Philistines, Ancient and Modern
The original Philistines were a people who occupied the southern coast of Palestine more than 3,000 years ago. Enemies of the ancient Israelites, they were portrayed in the Bible as a crude and warlike race. This led to the use of Philistine in English to refer, humorously, to an enemy into whose hands one had fallen or might fall. Several centuries later, an extended sense of philistine denoting “a materialistic person who is disdainful of intellectual or artistic values” came into being as a result of the following: a violent town-gown conflict in the German university town of Jena in the 17th century prompted a local clergyman to address the events in a sermon in which he alluded to the Biblical Philistines. This caused the university students to apply the German word Philister (equivalent to English Philistine) to the townspeople, whom they perceived as unenlightened and hostile to education. English speakers familiar with the story began using philistine in this way by the early 1800s, soon extending its reference to any enemy of culture. The “anti-intellectual” sense of philistine was popularized by the writer Matthew Arnold, who famously applied it to members of the English middle class in his book Culture and Anarchy (1869).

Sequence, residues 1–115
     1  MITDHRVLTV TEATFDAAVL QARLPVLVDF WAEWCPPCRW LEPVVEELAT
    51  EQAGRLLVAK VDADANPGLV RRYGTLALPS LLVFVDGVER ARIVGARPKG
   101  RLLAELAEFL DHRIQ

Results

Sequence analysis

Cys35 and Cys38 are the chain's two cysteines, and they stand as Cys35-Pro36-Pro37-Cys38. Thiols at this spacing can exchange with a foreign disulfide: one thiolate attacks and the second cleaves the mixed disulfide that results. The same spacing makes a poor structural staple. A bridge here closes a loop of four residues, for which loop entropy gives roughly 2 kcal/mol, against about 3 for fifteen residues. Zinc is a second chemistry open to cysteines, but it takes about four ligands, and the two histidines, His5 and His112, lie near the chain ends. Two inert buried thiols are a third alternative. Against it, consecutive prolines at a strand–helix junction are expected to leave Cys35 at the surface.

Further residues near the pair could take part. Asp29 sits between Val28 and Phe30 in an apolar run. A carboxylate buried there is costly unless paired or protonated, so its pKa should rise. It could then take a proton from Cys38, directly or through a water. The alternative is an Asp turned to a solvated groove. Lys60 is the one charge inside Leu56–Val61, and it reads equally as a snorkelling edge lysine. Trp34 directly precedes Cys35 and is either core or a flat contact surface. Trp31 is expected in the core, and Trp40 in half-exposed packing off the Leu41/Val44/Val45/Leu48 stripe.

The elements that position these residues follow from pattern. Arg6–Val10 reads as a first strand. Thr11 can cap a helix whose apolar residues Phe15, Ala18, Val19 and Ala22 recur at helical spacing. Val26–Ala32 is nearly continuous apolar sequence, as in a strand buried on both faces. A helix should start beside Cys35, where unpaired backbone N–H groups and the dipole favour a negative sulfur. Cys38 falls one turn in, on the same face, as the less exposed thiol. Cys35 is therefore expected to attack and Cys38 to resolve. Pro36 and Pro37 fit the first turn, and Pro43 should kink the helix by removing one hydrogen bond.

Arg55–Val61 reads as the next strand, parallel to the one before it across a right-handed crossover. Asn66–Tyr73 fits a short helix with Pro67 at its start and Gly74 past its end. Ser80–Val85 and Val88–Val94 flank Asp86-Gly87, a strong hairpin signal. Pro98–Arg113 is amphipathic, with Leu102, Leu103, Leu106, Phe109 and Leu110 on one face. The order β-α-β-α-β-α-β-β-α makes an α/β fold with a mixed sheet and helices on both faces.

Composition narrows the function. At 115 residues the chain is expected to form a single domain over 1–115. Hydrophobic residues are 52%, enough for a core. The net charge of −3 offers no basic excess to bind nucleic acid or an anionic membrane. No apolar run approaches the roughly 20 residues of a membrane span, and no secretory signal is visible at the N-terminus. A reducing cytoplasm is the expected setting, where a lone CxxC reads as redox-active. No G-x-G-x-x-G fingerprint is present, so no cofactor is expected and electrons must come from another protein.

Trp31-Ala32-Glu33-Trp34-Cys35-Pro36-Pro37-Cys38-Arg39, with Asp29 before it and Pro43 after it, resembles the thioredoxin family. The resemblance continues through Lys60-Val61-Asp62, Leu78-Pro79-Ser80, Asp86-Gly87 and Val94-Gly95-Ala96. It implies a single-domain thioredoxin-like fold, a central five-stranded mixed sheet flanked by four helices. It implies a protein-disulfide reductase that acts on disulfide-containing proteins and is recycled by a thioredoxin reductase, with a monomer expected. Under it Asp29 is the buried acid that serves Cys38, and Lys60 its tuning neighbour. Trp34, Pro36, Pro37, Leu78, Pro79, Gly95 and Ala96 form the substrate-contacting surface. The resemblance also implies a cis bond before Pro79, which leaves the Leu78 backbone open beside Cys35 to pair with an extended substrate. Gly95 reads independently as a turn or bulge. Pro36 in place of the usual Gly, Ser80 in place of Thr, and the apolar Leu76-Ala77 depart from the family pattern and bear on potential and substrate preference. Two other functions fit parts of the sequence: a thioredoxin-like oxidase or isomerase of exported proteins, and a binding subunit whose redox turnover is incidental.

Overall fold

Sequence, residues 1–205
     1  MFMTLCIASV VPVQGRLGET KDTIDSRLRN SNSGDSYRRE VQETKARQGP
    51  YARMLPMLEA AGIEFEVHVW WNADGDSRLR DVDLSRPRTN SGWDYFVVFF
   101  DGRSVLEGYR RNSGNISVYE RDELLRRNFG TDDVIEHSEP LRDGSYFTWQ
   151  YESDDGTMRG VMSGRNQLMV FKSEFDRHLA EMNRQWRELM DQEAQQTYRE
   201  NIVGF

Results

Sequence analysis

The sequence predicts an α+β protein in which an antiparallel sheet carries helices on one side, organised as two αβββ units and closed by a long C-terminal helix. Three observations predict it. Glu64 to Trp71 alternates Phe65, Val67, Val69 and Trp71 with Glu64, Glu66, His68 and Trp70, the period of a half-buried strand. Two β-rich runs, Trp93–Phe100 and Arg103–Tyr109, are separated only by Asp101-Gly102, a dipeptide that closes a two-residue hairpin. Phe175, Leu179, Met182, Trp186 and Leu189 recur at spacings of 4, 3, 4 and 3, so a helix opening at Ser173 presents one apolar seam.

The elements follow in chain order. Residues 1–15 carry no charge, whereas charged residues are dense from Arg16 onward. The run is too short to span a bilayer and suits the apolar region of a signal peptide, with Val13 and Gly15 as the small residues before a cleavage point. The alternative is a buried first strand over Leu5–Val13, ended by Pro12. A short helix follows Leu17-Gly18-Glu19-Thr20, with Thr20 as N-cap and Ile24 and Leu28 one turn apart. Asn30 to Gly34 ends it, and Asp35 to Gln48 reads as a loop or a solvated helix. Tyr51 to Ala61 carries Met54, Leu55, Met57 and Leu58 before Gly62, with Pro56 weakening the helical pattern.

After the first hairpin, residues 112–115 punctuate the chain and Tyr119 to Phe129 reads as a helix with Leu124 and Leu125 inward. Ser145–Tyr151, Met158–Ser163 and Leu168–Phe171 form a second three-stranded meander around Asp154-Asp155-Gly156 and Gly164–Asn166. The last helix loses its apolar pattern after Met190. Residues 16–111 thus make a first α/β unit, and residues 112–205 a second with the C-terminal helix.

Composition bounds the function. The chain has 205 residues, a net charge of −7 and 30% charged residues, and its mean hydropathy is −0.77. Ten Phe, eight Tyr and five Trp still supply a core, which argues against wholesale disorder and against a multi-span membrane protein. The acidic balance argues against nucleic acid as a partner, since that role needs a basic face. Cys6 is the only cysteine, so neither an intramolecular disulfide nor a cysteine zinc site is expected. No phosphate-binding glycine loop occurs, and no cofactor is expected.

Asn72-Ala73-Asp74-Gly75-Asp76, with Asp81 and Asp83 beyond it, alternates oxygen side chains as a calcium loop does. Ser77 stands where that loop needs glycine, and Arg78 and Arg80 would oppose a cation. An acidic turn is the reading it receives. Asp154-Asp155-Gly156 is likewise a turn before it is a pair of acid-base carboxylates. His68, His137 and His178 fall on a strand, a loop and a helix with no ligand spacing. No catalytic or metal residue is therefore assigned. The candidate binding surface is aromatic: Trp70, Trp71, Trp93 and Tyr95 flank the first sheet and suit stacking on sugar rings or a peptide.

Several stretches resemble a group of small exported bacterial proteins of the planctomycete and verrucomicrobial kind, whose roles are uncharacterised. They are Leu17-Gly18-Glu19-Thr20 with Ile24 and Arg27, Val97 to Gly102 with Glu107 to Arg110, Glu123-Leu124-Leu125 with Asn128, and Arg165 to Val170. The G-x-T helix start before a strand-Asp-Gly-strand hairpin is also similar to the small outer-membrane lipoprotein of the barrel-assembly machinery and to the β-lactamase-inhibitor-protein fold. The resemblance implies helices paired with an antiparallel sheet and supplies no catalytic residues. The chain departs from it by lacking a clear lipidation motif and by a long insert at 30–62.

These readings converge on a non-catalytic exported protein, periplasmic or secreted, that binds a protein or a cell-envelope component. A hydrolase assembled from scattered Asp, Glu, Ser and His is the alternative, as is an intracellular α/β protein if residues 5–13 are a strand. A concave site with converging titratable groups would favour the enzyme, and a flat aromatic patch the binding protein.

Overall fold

Definition of Philistine
- a philistine attitude toward opera
- Greenfield's anti-hero, Larry Lazar, is not a conventionally philistine tycoon, trampling on the souls of artists.
- —William A. Henry
- … future epochs will remember us as a coarse and philistine people who squandered our bottomlessly rich cultural inheritance for short-term and meaningless financial advantage.
- —Gerald Howard
- It is a fact of philistine life that amusement is where the money is.
- —William H. Gass
- Philistine cities
- Philistine artifacts
Seen and Heard
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